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Preterite vs. Imperfect

nohablo

nohablo

I'm still finding it very hard to figure out when to use the preterite vs. the imperfect when talking about the past. I've gone through Rocket Spanish and Learning Spanish Like Crazy, but just when I think I understand how to deal with the past, I find I don't. :( The most recent example comes from the Pimsleur Spanish III (which I was able to get from my public library). The speaker says *"He aprendido español en estados unidos, pero no fue fácil."* I have two questions. The main one is why *fue* rather than *estaba*? The Rocket Spanish Advanced Spanish book explains that the imperfect should be used when talking about past action that is "indefinite (no definite start or end date" or is "continuous or repeated" or that "took place over a period of time." All of those seem to describe "no fue fácil." But *fue* is the preterite, not the imperfect. I'd really appreciate it if someone could explain why it's "no fue fácil" rather than "no estaba fácil." The other question about that statement is more trivial. All through Pimsleur, they say "estados unidos" rather than "los estados unidos." Both Rocket Spanish and Learning Spanish Like Crazy use "los estados unidos," and that's what I've heard elsewhere as well. Why does Pimsleur drop the "los"? Is that correct? De antemano, muchas gracias por la ayuda que pueda darme.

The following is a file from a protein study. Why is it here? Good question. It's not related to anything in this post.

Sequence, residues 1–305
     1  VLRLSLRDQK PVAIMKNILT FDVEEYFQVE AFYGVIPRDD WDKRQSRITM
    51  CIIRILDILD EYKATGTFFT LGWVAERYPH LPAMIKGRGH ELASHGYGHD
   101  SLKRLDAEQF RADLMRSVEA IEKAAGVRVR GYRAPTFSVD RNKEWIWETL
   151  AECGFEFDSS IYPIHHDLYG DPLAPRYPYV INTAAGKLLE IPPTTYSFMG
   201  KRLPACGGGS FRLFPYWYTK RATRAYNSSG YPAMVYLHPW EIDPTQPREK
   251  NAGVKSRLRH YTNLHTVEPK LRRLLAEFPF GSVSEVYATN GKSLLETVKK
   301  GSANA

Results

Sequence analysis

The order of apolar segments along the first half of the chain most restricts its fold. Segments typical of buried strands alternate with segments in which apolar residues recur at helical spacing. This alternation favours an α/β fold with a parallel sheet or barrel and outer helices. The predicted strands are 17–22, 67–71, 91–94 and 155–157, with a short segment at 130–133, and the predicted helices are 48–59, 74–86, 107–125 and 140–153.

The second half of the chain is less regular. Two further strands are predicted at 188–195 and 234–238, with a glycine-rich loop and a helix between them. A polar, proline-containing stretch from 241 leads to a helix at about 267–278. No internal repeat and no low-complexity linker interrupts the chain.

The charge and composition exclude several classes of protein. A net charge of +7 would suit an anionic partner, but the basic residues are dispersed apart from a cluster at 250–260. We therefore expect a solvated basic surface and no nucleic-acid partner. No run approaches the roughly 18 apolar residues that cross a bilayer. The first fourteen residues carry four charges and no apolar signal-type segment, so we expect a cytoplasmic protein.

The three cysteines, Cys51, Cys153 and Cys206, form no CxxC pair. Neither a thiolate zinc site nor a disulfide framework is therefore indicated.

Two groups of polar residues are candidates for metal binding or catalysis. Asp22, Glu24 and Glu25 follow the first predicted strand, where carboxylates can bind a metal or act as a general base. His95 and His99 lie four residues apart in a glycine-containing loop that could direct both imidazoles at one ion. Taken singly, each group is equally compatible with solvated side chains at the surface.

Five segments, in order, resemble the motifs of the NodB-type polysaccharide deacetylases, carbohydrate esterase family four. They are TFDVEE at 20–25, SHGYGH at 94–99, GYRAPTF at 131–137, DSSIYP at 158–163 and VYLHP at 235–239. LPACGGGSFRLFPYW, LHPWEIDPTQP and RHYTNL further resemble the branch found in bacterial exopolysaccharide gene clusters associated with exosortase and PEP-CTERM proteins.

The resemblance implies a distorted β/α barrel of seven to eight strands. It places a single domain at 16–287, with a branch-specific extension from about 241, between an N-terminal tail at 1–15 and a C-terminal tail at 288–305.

Hombre

Hombre

I'm no expert, so I looked it up in a book. It appears that this should be Preterit, since the action was totally completed in the past. "The imperfect tense is used to narrate past actions, but unlike the preterit, the imperfect tense does not refer to the specific time an action took place or when the beginning or the end of an action occurred". "The imperfect tense describes the ongoing duration of an action or how frequently the action took place" I'm guessing that since he refered to a specific time (when he was in the U.S.), the speaker deemed it preterit. I personally have no idea and am probably loco to even attempt to answer a question like this!!
(deleted)

(deleted)

Another way to think of it is that the process of learning Spanish EITHER was difficult OR was easy. The fact that it was easy or not is timeless. So what you must do is distinguish the* process of learning Spanish* (imperfect) from the statement about whether it was easy or not (preterite). I do want to mention that the sentence you quoted: *"He aprendido español en estados unidos, pero no fue fácil."* sounds ridiculous even in English. Think about it: _I have learned Spanish in United States, but it wasn't easy._ Perhaps they were just illustrating a grammatical point, because I can't think of any instances in which you'd actually HEAR that sentence spoken. Instead, the natural way I'd say that is: *Aprendía español en los Estados Unidos, pero no fue fácil.* _I learned Spanish (over a period of time) in the United States, but it wasn't easy._
nevjohnson

nevjohnson